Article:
TYPE 2 DIABETES

Diabetes Symptoms in Women

By Sherry Baker @SherryNewsViews
 | 
June 08, 2020

Diabetes affects American women and men about equally. But, while many of the symptoms are the same, diabetes can affect women differently than men.

Diabetes is a medical term that indicates a person’s body lacks the ability to produce, or react normally to, the pancreas-produced hormone insulin, which is necessary for normal blood sugar (glucose) function. The result is elevated levels of glucose in the blood and urine. But diabetes isn’t one single disease, and symptoms can vary somewhat, depending on the type of diabetes you have and, also, whether you are a man or woman.

Type 1 diabetes is an autoimmune condition, resulting in the pancreas being unable to produce any insulin, or a very small amount. People with type 1 diabetes need insulin to survive. Type 2 diabetes, on the other hand, is primarily a disease of lifestyle (usually linked to being overweight and sedentary) and develops when the body’s cells don’t respond normally to insulin, causing glucose to rise in the blood. Some people with type 2 diabetes need insulin, while others can control and even reverse the condition with weight loss, diet, and exercise

The Centers for Disease Control and Prevention (CDC) has declared diabetes an epidemic in the U.S., primarily due to the growing number of people with type 2 diabetes. In all, about 34 million adult Americans have diabetes. So, the odds are you or someone you know may have the condition. And it’s important to recognize that, although type1 and type 2 diabetes affect both men and women equally, diabetes symptoms in women can be different.

What’s more, only women experience gestational diabetes, a form of diabetes that can develop during pregnancy. Recognizing diabetes symptoms in a woman who is expecting, and getting appropriate medical care if gestational diabetes is diagnosed, can help protect the health of both the pregnant woman and her unborn child.

 

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Diabetes symptoms in women and men

The American Diabetes Association points out these common symptoms of diabetes in men and women can be obvious or so mild they go unnoticed for a time:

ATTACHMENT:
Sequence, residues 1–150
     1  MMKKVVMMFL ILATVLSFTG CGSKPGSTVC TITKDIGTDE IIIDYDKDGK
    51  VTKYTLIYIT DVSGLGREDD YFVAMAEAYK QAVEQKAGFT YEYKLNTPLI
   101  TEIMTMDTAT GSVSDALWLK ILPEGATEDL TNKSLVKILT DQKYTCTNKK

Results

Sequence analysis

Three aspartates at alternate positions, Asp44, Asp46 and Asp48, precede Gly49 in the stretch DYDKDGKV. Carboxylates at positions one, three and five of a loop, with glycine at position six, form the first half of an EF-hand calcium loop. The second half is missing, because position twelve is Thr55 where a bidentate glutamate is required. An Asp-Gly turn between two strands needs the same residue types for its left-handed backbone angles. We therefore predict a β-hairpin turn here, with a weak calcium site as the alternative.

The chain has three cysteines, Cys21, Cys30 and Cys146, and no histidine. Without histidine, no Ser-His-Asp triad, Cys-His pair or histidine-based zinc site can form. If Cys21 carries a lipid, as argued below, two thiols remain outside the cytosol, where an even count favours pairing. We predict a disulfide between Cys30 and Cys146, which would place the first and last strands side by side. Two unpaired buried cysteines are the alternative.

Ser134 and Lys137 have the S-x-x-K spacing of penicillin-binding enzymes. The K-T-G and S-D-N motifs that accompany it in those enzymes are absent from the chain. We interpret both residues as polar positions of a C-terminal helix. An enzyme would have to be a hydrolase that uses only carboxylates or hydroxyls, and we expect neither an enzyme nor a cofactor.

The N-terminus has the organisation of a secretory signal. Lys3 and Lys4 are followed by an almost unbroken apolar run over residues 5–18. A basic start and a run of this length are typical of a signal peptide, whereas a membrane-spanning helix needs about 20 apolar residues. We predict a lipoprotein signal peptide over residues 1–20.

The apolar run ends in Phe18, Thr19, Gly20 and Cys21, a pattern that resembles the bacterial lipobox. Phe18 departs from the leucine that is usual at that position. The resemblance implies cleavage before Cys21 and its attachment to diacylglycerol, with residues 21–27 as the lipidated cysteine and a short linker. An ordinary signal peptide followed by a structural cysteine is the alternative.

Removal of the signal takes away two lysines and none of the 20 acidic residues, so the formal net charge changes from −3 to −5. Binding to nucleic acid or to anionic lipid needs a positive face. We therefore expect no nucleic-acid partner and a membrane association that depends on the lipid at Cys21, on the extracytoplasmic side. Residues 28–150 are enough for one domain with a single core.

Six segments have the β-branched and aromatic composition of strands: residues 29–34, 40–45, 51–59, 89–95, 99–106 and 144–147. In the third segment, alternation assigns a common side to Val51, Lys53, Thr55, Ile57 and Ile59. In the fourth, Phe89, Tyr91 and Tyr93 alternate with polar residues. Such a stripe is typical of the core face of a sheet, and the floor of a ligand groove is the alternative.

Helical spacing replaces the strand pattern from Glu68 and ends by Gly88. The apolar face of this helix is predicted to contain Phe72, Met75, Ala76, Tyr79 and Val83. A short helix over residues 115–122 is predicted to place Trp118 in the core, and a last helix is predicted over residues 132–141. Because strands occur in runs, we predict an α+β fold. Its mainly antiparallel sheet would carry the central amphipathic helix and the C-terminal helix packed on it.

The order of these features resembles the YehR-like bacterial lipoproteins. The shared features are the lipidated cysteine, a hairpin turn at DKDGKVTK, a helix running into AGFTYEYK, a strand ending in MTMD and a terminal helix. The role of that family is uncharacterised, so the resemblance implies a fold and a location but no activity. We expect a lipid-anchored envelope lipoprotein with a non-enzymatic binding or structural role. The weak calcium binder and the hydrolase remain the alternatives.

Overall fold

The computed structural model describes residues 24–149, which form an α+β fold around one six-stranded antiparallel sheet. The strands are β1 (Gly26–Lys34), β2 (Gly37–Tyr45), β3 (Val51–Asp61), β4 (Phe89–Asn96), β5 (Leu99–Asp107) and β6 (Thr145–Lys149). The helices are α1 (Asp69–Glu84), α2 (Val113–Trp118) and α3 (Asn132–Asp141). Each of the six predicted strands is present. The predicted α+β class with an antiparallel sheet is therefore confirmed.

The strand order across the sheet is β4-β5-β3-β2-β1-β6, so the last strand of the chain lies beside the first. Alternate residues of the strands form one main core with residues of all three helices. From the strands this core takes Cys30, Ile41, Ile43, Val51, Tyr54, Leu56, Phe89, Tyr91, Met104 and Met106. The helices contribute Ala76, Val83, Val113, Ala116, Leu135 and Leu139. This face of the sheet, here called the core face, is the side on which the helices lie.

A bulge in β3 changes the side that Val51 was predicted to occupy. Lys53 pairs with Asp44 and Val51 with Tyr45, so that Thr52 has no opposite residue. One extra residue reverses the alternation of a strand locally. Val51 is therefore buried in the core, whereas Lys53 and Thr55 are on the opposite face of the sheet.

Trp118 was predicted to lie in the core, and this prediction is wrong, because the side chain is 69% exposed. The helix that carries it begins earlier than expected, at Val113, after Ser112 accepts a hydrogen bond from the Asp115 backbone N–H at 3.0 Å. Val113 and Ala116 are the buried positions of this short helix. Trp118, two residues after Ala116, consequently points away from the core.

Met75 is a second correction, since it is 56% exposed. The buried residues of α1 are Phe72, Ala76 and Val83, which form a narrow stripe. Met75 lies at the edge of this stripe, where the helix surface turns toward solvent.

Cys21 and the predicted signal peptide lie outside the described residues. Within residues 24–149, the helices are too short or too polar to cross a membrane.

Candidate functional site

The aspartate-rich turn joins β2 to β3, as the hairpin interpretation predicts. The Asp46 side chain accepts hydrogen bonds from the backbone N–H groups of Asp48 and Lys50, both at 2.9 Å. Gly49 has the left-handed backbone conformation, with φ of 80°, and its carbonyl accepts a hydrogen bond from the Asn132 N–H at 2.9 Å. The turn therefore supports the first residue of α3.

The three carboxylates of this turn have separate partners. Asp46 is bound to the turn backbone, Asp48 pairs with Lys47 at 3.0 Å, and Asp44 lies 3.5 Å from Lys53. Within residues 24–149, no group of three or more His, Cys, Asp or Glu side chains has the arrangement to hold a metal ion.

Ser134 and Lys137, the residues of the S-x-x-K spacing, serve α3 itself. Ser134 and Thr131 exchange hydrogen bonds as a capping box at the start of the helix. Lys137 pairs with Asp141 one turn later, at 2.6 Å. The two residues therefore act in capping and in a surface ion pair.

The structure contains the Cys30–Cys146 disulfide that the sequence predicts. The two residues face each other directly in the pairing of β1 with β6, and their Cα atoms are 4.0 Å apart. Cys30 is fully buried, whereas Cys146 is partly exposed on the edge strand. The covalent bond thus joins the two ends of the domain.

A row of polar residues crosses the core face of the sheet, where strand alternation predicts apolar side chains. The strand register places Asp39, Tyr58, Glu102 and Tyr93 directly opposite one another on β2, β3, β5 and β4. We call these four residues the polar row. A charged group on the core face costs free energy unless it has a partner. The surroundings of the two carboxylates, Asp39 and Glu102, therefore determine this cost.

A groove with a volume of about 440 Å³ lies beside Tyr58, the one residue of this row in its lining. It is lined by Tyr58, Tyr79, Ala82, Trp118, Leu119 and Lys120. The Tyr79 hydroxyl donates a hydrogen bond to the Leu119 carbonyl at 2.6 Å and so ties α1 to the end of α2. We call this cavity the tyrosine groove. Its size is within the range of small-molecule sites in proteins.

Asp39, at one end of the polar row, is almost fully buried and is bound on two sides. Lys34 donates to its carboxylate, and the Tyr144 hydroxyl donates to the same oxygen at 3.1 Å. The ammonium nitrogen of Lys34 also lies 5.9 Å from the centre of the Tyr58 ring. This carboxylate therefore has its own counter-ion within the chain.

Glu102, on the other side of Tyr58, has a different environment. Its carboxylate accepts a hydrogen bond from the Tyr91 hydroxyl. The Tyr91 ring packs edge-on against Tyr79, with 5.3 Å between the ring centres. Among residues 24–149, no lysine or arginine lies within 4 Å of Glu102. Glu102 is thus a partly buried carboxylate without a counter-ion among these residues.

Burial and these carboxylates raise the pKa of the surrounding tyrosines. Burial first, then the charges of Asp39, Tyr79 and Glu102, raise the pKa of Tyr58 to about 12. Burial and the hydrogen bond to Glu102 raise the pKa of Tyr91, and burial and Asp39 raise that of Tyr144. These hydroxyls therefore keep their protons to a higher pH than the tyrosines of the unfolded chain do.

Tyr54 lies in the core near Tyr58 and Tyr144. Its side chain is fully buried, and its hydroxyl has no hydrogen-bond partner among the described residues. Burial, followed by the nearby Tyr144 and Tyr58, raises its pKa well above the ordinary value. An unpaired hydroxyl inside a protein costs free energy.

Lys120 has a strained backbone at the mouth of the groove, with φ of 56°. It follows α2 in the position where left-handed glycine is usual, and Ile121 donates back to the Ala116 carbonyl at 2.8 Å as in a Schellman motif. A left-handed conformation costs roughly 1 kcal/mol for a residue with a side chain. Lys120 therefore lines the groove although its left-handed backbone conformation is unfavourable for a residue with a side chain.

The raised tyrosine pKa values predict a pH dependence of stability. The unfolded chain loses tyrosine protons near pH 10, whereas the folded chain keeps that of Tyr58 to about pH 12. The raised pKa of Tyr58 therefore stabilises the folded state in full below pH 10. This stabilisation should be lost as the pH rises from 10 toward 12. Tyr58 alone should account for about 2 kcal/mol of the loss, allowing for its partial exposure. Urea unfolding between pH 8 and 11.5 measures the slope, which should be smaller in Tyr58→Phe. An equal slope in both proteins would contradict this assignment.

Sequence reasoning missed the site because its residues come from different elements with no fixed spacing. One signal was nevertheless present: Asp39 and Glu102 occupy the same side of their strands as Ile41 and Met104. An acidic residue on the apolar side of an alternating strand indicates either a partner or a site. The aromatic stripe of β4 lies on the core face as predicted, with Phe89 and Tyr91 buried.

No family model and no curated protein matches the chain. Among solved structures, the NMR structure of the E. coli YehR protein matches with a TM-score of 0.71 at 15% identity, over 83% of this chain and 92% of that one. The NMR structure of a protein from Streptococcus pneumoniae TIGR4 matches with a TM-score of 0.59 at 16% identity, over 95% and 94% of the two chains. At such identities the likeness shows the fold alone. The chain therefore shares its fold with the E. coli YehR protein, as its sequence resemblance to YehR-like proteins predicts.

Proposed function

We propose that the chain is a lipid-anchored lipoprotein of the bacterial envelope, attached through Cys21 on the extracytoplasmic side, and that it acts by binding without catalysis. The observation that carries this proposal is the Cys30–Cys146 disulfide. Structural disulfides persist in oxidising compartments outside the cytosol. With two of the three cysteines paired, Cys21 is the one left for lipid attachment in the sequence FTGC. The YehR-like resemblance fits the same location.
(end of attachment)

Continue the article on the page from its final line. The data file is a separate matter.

• Frequent urination
  • Blurred vision
  • Feeling very thirsty
  • Extreme fatigue
  • Feeling hungry even though you’ve eaten
  • Bruises or cuts that take an unusually long time to heal
  • Weight loss, despite eating more (type 1 diabetes)
  • Tingling, pain, or numbness in the hands or feet.

We can’t emphasize this enough: Women have additional diabetes symptoms

In all, about one in every nine adult women in the U.S. has diabetes, and the disease can affect women differently than their male counterparts, according the U.S. Office on Women’s Health.

Understanding more about specific symptoms of diabetes in women can help women identify diabetes and get treatment early before serious complications develop,

Symptoms common to women with diabetes include high blood sugar-fueled Candida fungus overgrowth, which causes vaginal yeast infections. Symptoms include itching, soreness, painful sex, and a vaginal discharge. Oral yeast infections are also a frequent sign of diabetes, marked by a thick, white coating on the tongue and inside of the mouth.

Women with diabetes are also more likely to experience bacteria-caused urinary tract infections (UTIs) due to high blood sugar levels (hyperglycemia) suppressing the immune system. UTIs typically cause painful urination and burning, and bloody or cloudy urine. Without treatment, kidney infections can result.

Female sexual dysfunction can also be a symptom of diabetes in women. High blood sugar can result in diabetic neuropathy (nerve damage) in different parts of the body, including not only hands, legs, and feet but also the vaginal area, resulting in a lowered sexual drive and response.

If a woman develops gestational diabetes during pregnancy, symptoms may be mild or overlooked as part of expecting. However, if you are pregnant and notice increased thirst or the need to urinate more often, don’t assume it is due to your pregnancy. Although all pregnant women are usually tested for the disease between 24 and 28 weeks of pregnancy, the National Institute of Diabetes and Digestive and Kidney Diseases explains, if you have a family history of diabetes or develop potential symptoms any time during your pregnancy, talk to your doctor about early testing for gestational diabetes.

 

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Updated:  

June 08, 2020

Reviewed By:  

Janet O’Dell